I’m 5-foot-9 and have been since my mid-teens, but I never had a growth spurt. I just kept adding inches, slow and steady, to everyone’s amazement. For one thing, I was a low birthweight baby. (Under 5.5. pounds.) Plus, everyone else in my immediate family is small-boned. If you see me with my father, mother and sister, the only conclusion to draw is that there was just enough food for one person and I got it all.
In grade school, however, I was smaller than my sister and wore her hand-me-downs much of the time. So new clothes were a huge deal to me. I invested new clothes with talismanic powers, capable of changing my life. They never did, but I never lost faith. This outfit, this pair of shoes, this rust-colored corduroy pants suit — this would do the trick and I would be . . . something.
When I was in sixth grade, my mother purchased me a jumpsuit (I know, ouch) from Atlanta’s J.P. Allen’s. Very quickly, I had added my usual annual inch and my ankles were exposed. Lorenzo — oh yes, I remember your name, you also used to call me Marcia Brady and ask if I was dating Harvey Klinger, a nerdy boy who was once Marcia’s lab partner — called out.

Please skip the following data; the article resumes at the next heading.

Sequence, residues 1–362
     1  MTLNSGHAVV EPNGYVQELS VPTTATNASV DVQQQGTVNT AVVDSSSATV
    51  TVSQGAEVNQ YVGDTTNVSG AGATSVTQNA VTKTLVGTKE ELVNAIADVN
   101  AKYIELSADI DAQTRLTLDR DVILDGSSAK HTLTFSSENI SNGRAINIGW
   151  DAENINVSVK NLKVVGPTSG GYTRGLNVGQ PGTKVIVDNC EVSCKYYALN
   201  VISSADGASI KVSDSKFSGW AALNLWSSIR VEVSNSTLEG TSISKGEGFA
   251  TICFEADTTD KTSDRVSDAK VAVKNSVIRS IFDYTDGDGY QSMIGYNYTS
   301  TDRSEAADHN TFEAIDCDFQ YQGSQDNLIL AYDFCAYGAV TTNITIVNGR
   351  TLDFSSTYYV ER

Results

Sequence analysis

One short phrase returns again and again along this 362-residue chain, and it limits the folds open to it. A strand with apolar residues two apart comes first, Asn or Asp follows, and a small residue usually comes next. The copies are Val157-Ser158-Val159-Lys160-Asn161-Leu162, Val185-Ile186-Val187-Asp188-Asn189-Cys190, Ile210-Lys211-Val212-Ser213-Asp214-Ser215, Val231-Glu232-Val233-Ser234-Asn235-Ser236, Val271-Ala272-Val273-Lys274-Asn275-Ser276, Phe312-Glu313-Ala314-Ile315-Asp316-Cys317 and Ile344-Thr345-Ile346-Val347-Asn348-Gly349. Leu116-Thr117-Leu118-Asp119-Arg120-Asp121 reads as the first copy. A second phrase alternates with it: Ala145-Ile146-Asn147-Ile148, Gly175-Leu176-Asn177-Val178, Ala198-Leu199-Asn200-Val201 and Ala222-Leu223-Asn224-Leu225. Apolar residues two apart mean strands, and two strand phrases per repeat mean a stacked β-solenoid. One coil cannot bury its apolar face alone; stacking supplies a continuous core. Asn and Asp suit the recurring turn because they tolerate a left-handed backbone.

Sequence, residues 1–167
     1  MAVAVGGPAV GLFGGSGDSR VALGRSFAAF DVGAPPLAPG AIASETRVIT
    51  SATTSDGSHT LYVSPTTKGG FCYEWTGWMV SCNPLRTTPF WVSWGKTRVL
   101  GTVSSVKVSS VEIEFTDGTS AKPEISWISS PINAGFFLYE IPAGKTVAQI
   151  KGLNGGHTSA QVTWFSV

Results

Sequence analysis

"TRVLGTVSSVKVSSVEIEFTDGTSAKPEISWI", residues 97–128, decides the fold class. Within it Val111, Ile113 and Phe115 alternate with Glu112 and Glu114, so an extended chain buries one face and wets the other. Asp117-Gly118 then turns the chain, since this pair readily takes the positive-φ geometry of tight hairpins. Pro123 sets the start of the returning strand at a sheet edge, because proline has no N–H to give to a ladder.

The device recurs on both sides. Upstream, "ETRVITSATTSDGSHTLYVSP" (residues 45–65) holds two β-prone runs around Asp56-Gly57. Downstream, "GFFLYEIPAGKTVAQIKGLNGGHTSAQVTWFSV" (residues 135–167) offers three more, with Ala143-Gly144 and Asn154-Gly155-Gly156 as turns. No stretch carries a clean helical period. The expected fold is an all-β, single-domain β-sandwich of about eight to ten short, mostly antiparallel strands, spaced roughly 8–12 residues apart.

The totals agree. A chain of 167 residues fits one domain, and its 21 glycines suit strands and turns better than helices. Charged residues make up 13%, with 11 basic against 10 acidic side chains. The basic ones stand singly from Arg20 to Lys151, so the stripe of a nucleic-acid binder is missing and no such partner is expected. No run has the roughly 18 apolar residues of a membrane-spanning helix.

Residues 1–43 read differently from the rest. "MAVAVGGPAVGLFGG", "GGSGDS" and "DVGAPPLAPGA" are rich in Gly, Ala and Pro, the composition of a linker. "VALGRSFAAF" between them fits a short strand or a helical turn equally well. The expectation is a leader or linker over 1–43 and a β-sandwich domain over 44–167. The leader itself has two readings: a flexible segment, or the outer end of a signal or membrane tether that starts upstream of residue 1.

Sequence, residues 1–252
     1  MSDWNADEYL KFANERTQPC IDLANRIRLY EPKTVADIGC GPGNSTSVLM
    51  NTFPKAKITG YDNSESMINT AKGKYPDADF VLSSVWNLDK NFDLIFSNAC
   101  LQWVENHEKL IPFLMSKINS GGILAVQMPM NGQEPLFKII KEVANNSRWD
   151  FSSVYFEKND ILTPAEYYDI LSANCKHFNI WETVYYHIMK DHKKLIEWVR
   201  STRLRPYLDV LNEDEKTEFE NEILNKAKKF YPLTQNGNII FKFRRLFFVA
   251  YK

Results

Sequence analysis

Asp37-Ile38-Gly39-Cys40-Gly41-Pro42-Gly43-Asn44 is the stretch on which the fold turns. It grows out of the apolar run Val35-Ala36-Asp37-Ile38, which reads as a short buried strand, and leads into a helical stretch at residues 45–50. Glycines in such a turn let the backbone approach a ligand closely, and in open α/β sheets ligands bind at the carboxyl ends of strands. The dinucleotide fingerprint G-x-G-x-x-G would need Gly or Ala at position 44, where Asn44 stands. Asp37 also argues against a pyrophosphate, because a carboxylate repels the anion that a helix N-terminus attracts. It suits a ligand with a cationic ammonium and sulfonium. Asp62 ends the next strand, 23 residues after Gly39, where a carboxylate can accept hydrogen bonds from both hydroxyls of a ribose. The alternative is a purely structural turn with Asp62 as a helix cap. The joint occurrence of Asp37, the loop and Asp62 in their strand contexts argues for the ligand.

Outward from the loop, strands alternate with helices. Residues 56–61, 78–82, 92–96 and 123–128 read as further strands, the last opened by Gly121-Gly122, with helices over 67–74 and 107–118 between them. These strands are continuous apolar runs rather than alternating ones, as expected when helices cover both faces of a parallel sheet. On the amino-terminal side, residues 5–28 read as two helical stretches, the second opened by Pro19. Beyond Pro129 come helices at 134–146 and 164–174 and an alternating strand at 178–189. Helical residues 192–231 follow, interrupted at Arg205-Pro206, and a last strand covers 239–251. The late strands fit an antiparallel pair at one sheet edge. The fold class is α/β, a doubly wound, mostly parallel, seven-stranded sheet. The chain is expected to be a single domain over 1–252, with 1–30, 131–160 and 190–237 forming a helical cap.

“The flood is over, the land is dry, so why do you wear your pants so high?”
Pleasure gone. I wince when I see photos of the offending outfit. Although, to be truthful, the exposed ankles were only part of the problem.
There were only two sartorial sins in the Balitmore school system in my youth: High waters and fish heads. “Fish heads” were cheap sneakers, defined as anything other than Keds or Jack Purcells in that pre-Nike world. (“Fish heads, fish heads, mama bought your sneakers at the Pantry Pride,” the kids chanted at Willard who had enough going against him. The name Willard, for example.)
In junior high, all humiliation was summed up in a single word, drawn out over many syllables. “Ti-i-i-i-i-i-ight.” As in “Tight face,” which did capture how one felt when embarrassed. Cheeks hot, skin seeming to shrink over the bones.
What pleasure became humiliation? What wonderfully cool thing was diminished by a classmate’s taunting?
And, admit it: Did you ever turn on another kid? I did and I just want to say: Mark Metcalfe, I’m sorry.